89 F.3d 368 (7th Cir. 1996), 95-3790, United States v. Pullen
|Citation:||89 F.3d 368|
|Party Name:||UNITED STATES of America, Plaintiff-Appellee, v. Doss E. PULLEN, Defendant-Appellant.|
|Case Date:||July 10, 1996|
|Court:||United States Courts of Appeals, Court of Appeals for the Seventh Circuit|
Argued May 22, 1996.
Rehearing and Suggestion for Rehearing En Banc Denied Aug. 16, 1996.
Barry Rand Elden, Chief of Appeals, Jerome Krulewitch (argued), Office of the United States Attorney, Criminal Appellate Division, Chicago, IL, for Plaintiff-Appellee.
Richard H. McLeese (argued), Decker & Associates, Chicago, IL, for Defendant-Appellant.
Before POSNER, Chief Judge, and KANNE and EVANS, Circuit Judges.
POSNER, Chief Judge.
The defendant pleaded guilty to armed robbery of a federally insured credit union and was sentenced to 188 months in prison. The appeal, which challenges primarily the judge's refusal to grant him a downward departure from his sentence on the basis of his having been sexually and otherwise abused as a small child, and later as an adolescent, by his father, presents difficult and fundamental questions in the wake of Koon v. United States, --- U.S. ----, 116 S.Ct. 2035, --- L.Ed.2d ----(1996).
The defendant's father was a drunkard and a gambler. He beat his wife and children and threatened them with guns and knives. When the defendant was five years old, his father abused him sexually over a period of several months. His parents divorced and the defendant lived with his mother, but when he was 15, and drinking, smoking marijuana, and having scrapes with the law, his mother could no longer control him and the juvenile court sent him to live with his father. The two would go out drinking together and once after a bout of drinking his father raped him. He ran away. His troubles with the law escalated. At the age of nineteen he committed his first bank robbery. He committed his second at the age of twenty-three. A year after he was released from prison, where he was serving a sentence for the second robbery, he robbed the credit union. A psychologist evaluated the defendant and concluded that as a result of the history of abuse that we have sketched the defendant "has a need to punish himself, hence his illegal acts and the relative ease with which he is caught." The psychologist also found that the defendant suffers from "schizoid disorder" and "borderline personality disorder," and that these conditions, too, are both "clinically linked to the history of abusive treatment by his father" and causative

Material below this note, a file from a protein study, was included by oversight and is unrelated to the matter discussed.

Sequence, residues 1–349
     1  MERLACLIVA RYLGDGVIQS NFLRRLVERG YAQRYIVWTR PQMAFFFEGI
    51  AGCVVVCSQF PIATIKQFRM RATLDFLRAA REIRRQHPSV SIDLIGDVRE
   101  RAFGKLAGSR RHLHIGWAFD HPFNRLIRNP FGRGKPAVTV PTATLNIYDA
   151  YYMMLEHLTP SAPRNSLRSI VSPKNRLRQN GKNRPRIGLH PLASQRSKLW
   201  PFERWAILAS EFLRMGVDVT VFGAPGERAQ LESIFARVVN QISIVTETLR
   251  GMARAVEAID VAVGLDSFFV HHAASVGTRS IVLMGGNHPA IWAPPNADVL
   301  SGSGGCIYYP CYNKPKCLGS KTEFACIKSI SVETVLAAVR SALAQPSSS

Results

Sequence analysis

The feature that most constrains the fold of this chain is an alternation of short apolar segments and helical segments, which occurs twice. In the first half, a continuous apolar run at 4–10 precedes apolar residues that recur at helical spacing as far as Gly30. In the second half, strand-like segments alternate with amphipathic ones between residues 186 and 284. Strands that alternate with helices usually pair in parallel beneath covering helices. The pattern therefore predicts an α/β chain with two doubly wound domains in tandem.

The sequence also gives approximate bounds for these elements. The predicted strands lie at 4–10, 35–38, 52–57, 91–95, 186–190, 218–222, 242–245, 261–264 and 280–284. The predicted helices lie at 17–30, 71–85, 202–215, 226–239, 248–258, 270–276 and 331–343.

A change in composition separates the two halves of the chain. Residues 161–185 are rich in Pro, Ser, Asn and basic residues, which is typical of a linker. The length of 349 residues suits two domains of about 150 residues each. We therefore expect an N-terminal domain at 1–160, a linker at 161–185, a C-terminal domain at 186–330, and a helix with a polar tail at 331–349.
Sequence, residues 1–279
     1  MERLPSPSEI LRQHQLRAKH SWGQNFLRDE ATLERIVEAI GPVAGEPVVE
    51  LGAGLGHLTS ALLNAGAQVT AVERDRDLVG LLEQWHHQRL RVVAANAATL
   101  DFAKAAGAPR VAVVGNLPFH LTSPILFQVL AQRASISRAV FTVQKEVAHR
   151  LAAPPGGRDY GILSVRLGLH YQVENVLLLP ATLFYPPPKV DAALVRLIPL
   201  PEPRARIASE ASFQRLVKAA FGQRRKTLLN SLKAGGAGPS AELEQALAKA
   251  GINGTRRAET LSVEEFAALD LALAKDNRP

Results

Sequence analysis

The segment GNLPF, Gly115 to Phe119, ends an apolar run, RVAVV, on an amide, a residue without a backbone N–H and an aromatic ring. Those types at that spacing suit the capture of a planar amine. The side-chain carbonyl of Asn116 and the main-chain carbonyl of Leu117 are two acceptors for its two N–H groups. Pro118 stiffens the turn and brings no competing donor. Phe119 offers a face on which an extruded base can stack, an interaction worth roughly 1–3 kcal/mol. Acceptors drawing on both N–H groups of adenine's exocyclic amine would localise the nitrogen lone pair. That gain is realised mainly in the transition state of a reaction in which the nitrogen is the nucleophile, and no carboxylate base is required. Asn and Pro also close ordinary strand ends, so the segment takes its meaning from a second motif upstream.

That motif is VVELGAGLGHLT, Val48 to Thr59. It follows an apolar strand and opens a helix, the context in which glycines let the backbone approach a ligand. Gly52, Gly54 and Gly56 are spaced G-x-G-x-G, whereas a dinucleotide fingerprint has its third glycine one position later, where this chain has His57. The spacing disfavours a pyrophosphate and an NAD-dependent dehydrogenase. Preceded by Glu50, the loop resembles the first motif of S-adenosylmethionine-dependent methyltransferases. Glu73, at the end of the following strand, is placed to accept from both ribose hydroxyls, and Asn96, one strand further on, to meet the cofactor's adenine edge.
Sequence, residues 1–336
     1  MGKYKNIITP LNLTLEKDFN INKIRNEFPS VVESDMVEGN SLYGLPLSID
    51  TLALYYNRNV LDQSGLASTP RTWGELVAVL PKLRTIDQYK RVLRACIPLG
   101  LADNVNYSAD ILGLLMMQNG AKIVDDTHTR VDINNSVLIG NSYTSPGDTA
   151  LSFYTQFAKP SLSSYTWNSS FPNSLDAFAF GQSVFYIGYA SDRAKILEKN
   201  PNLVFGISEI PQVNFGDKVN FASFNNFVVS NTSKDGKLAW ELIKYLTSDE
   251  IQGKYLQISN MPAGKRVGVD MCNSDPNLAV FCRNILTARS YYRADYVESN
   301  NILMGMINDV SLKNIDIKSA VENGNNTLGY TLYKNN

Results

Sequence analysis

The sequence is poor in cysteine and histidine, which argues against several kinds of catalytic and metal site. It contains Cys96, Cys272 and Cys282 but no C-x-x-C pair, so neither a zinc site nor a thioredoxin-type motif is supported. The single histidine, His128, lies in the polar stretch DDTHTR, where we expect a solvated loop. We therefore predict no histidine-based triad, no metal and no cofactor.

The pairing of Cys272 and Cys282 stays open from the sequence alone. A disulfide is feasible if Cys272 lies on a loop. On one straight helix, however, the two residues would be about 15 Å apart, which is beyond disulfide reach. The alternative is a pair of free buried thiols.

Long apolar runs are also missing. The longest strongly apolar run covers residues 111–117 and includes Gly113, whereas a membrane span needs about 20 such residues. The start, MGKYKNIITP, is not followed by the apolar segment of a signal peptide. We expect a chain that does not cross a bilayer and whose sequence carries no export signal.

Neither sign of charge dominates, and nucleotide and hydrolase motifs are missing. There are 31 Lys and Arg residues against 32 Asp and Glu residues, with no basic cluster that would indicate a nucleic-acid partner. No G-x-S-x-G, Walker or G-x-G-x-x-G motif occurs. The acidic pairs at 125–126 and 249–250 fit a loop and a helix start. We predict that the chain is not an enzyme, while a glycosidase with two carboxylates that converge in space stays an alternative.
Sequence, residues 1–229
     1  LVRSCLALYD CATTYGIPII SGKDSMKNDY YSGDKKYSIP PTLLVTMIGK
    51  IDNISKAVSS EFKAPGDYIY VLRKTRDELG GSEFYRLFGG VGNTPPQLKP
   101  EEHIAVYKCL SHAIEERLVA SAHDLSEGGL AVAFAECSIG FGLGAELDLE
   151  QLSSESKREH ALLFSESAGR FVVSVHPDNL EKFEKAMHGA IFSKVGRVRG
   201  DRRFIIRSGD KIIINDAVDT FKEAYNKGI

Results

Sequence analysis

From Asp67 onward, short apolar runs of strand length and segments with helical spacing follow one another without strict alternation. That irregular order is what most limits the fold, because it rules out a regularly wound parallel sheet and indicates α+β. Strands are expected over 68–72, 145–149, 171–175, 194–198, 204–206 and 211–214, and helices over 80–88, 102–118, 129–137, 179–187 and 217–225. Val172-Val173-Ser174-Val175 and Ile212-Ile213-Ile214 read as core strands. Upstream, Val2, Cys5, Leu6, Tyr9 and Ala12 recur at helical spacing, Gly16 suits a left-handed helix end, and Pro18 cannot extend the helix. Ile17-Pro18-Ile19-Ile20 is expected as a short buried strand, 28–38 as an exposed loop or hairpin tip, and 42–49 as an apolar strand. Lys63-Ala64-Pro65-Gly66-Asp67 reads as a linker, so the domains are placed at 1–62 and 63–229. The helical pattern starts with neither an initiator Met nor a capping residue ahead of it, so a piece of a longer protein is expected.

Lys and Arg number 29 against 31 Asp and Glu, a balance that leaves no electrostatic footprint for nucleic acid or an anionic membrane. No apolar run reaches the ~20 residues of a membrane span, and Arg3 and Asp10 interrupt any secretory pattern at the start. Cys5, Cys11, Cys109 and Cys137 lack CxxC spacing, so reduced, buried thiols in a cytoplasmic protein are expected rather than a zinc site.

of his criminal activity because they "reduce impulse and behavioral controls" and impair "his ability to think and act clearly." The district judge concluded that he lacked authority to base a downward departure on the history and evaluation that we have summarized.
The Sentencing Reform Act authorizes sentencing below the guidelines if the judge finds a "mitigating circumstance of a kind, or to a degree, not adequately taken into consideration by the Sentencing Commission in formulating the guidelines." 18 U.S.C. § 3553(b). When the appeal in this case was argued, the parties and we assumed that a departure from the guidelines range, in order to be allowable, must be consistent with the statutory sentencing goals, which are deterrence, incapacitation, retribution, and correction. 18 U.S.C. § 3553(a)(2). The Supreme Court has since rejected this limitation on sentencing discretion. Koon v. United States, supra, --- U.S. at ---- - ----, 116 S.Ct. at ---- - ----. But we take it that consistency with one or more of those goals remains a reason in favor of a departure, and let us...
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